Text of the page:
Ketanji Brown Jackson Confirmed to Supreme Court, Making History as First Black Female Justice | April 7, 2022


Washington — The Senate voted to confirm Judge Ketanji Brown Jackson to the Supreme Court on Thursday, cementing her place in history as the first Black woman to serve on the nation's highest court.

Jackson's confirmation as the 116th justice in U.S. history received bipartisan backing, with a final vote of 53 to 47 in the upper chamber. Three Republicans, Sens. Susan Collins of Maine, Lisa Murkowski of Alaska and Mitt Romney of Utah, joined all 50 Democrats in supporting President Biden's nominee. Vice President Kamala Harris, the first woman and first woman of color to hold the role, presided over the Senate during the vote.

"On this vote, the yays are 53. The nays are 47 and this nomination is confirmed," Harris said to rousing applause from senators.

Jackson's appointment to the high court is likely to be a significant component of Mr. Biden's legacy, and marked his first opportunity to make his imprint on the Supreme Court. But Jackson will not take the bench immediately, as Justice Stephen Breyer, whose seat she will fill, is poised to retire at the end of the Supreme Court's term this summer.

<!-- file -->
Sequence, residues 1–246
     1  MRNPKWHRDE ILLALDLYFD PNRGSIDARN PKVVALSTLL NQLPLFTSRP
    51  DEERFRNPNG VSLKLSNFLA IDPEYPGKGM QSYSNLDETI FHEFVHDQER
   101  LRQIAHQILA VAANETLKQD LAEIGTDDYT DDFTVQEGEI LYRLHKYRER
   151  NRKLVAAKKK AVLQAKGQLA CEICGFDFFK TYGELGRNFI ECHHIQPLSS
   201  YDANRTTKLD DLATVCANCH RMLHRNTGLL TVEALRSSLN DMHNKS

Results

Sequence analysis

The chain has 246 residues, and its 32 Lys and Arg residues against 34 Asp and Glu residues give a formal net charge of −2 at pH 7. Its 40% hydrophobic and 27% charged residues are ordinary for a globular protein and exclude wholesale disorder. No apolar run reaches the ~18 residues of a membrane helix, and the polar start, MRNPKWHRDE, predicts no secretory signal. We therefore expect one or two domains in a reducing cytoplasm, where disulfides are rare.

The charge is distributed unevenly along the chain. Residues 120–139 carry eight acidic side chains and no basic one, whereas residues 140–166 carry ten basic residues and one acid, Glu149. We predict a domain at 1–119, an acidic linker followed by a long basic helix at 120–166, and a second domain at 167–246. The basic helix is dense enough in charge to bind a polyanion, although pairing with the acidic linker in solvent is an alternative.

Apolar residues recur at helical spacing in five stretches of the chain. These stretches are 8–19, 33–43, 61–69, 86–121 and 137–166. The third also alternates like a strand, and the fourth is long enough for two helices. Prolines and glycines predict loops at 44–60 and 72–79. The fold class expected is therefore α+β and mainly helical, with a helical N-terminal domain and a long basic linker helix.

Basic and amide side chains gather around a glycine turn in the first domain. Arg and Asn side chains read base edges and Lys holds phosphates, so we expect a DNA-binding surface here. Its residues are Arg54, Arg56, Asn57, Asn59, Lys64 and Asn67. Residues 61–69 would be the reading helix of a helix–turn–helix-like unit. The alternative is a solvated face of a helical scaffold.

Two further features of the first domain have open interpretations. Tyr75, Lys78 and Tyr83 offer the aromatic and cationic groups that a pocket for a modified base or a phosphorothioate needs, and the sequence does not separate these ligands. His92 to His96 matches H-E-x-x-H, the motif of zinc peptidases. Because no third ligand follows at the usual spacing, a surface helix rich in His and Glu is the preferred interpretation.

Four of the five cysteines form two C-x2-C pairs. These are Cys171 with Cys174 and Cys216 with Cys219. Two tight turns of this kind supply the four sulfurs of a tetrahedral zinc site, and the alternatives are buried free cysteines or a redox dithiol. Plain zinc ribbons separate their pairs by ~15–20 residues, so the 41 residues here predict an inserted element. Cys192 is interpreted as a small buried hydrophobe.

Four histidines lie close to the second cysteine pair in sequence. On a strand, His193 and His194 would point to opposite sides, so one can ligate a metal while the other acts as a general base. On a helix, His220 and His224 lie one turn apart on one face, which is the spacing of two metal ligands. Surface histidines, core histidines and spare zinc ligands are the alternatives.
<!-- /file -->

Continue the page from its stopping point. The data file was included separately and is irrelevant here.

Mr. Biden watched the vote with Jackson in the Roosevelt Room at the White House. Photographers capture the two embracing as the Senate passed the threshold needed for her confirmation. Read more


Biden Signs Bill to Make Lynching a Federal Crime |  March 29, 2022

President Biden’s signature ended more than 100 years of failed efforts by the federal government to specifically outlaw lynching


WASHINGTON — President Biden on Tuesday signed a bill making lynching a federal crime, for the first time explicitly criminalizing an act that had come to symbolize the grim history of racism in the United States.

“Lynching was pure terror to enforce the lie that not everyone, not everyone belongs in America, not everyone is created equal,” Mr. Biden said, speaking to civil rights leaders and others in the Rose Garden of the White House.